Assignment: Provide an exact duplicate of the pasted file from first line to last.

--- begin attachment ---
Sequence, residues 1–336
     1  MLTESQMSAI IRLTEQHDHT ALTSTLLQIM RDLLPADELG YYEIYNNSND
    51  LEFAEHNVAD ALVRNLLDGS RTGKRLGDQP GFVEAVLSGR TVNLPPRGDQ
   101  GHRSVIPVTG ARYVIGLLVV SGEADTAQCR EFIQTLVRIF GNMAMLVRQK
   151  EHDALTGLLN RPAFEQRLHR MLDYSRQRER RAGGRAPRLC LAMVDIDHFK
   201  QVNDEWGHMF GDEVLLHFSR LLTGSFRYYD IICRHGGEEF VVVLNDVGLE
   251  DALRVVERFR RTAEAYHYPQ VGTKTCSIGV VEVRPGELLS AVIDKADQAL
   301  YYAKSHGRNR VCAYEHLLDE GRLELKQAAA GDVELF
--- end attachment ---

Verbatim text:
Sequence, residues 1–336
     1  MLTESQMSAI IRLTEQHDHT ALTSTLLQIM RDLLPADELG YYEIYNNSND
    51  LEFAEHNVAD ALVRNLLDGS RTGKRLGDQP GFVEAVLSGR TVNLPPRGDQ
   101  GHRSVIPVTG ARYVIGLLVV SGEADTAQCR EFIQTLVRIF GNMAMLVRQK
   151  EHDALTGLLN RPAFEQRLHR MLDYSRQRER RAGGRAPRLC LAMVDIDHFK
   201  QVNDEWGHMF GDEVLLHFSR LLTGSFRYYD IICRHGGEEF VVVLNDVGLE
   251  DALRVVERFR RTAEAYHYPQ VGTKTCSIGV VEVRPGELLS AVIDKADQAL
   301  YYAKSHGRNR VCAYEHLLDE GRLELKQAAA GDVELF